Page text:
hear. Anils honest assessment of my skills in the areas of technology and

Braille was a wake up call. It turns out that I have some limitations. For

example, during the National Convention in Orlando, a critical part of the

week was deliberating the types of policies that the Federation will engage

in with the Resolutions Committee. I was selected to speak in favor of a

resolution on the ABLE Act, which allows the disability community, including

those who are blind, to set up an account that enables us to set aside money

for housing, employment, transportation, healthcare, etc., without impacting

benefits such as supplemental security income. Since I focus on memorizing

my presentations when I speak formally, I lose a crucial part of public

speaking, which is being comfortable and confident. My presentation to the

Resolutions Committee was a disorganized, rambling train of thought that

could have been avoided if my preparation had included Braille and a concise

set of bulleted notes (in Braille) to refer to as needed. I have experienced

this situation a number of times in college, as well, and it is time to be

proactive in being a well rounded person.

The accessible technology week of my internship was timely. The access

technology team laid out the various hardware and software options that I

could use to be more independent and productive in school, as well as in the

work force. I realized that I could be a more proficient Braille reader and

writer with the use of technology. Towards the end of the week, I reached

out to President Riccobono to share my thoughts and listen to the advice he

had. He reinforced the value of Braille and emphasized that it is never too

late to become more proficient. He suggested practicing reading and writing

30 minutes a day and including Braille in my daily routine. The use of

technology to increase my Braille skills would be applied in increments and

at different levels. The first level is to have hard copy of Braille to read

while listening to my screen reader, JAWS, or to Voiceover on my iPhone. As

I read and listen, the audio reassurance from JAWS can guide me in the

recognition of words and gradually build speed. This is a basic and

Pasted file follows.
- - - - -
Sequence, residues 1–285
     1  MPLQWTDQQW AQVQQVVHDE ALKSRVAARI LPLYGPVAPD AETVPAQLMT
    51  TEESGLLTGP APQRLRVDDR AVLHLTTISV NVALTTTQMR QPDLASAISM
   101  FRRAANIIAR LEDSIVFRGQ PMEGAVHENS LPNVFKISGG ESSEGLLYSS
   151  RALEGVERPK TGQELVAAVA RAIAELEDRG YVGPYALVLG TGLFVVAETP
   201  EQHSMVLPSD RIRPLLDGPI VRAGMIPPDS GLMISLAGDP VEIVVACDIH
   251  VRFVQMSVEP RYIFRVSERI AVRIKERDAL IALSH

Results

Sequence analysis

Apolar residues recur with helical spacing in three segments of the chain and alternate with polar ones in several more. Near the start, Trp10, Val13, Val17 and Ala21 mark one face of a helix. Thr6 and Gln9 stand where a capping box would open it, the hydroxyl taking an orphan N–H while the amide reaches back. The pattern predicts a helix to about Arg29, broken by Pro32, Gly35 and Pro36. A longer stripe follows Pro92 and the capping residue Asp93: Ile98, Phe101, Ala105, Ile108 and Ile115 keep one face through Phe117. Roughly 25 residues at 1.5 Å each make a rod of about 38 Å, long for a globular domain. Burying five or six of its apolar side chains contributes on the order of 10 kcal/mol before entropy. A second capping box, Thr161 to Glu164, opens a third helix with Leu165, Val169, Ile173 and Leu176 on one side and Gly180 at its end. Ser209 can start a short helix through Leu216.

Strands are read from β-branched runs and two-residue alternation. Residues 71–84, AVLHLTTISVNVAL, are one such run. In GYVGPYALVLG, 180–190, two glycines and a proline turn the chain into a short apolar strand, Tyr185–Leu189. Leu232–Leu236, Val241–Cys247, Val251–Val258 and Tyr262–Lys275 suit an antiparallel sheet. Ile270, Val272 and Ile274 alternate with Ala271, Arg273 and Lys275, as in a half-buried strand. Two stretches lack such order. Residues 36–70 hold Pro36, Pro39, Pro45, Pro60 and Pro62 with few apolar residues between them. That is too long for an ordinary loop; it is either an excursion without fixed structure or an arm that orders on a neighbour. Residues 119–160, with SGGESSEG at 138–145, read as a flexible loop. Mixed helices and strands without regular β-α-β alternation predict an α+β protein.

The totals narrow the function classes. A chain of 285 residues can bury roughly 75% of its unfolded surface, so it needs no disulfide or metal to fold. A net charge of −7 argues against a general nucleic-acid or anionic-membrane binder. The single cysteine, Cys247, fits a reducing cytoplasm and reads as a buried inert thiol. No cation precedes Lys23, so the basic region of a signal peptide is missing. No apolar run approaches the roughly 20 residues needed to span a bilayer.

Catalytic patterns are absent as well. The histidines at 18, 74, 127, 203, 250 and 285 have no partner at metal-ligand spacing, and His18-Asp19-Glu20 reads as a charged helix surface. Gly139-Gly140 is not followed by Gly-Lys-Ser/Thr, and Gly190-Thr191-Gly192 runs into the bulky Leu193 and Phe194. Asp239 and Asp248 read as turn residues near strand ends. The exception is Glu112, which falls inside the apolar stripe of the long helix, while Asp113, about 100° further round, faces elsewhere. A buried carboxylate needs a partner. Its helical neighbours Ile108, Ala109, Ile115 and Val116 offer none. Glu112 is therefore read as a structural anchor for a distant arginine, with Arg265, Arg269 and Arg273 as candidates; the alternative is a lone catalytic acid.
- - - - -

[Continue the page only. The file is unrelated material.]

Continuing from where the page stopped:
cost effective way to combine technology and Braille, and allows me to

practice independently. Next is to use a Braille display or BrailleNote to

read and write messages, and this is an ideal option to increasing my

reading and writing speed. This is a straight forward plan for combining

technology and Braille that requires a great amount of time and patience.

Consistent motivation and discipline in the use of Braille and technology

will enhance my blindness skills. I admit that this will be a difficult

process, especially as I near graduation and hope to enter the work force,

but as the NFB has shown time and patience in mentoring me, I must give

myself the same energy in becoming a more complete blind individual.

The Bookshelf, 2 Selections

Do you love to curl up with a good book? Been meaning to read that best seller? Here are two book selections that you may wish to read! If you have a book that you absolutely loved and want to share your thoughts about it with us, please send in your write up to:
Happy reading!

Book #1, Hunting Season, A Novel


Written by Peter Deutermann

Read by Jim Zeiger

Reading time 20 hours, 9 minutes
Genre: Suspense Fiction
Former FBI contract killer Edwin Kreiss's daughter is missing from an Appalachian hiking trip. Roanoke agent Janet Carter leads the search. Kreiss teams with Carter to uncover political scandal and motives for vengeance, but Kreiss has insider information, an effective weapon. Violence, strong language, and some descriptions of sex. 2001.
Download Hunting season: a novel

Book #2, Tricky Twenty Two, A Stephanie Plum Novel


Written by Janet Evanovitch

Read by Lorelei King

Reading Time 6 hours, 29 minutes

Genre: Suspense Fiction, Humor, Mystery and Detective Stories
Ken Globovic, arrested for beating up the Dean of Students at the Kiltman, College, misses his court date and goes into hiding. People see him on campus, but no one will talk. Bounty Hunter, Stephanie Plum, decides that something more than fraternity pranks are going on at campus. Unrated commercial audio book.

Download Tricky twenty two: a Stephanie Plum novel

Tips to Avoid Injury During a Robbery

By Robert D. Sollars

We may be blind, but we still shop everywhere. From the grocery store to the closest Wal Mart. This may surprise some people, but what is most surprising is that 99 percent of all people, even sighted ones, do not know how to protect themselves during a store robbery or home invasion. Hopefully, these tips, adapted for us specifically, will keep you safe from injury.

Always assume that there is a weapon of some kind. You should also always assume that the weapon is loaded, primed to explode, or ready to thrust.

Never argue with the criminal. This can only lead to them becoming desperate, irritated, anxious, and angry, which will not end well for anyone.

Do not make any sudden moves. Stand still and move very slowly, but only move if they tell you to do something.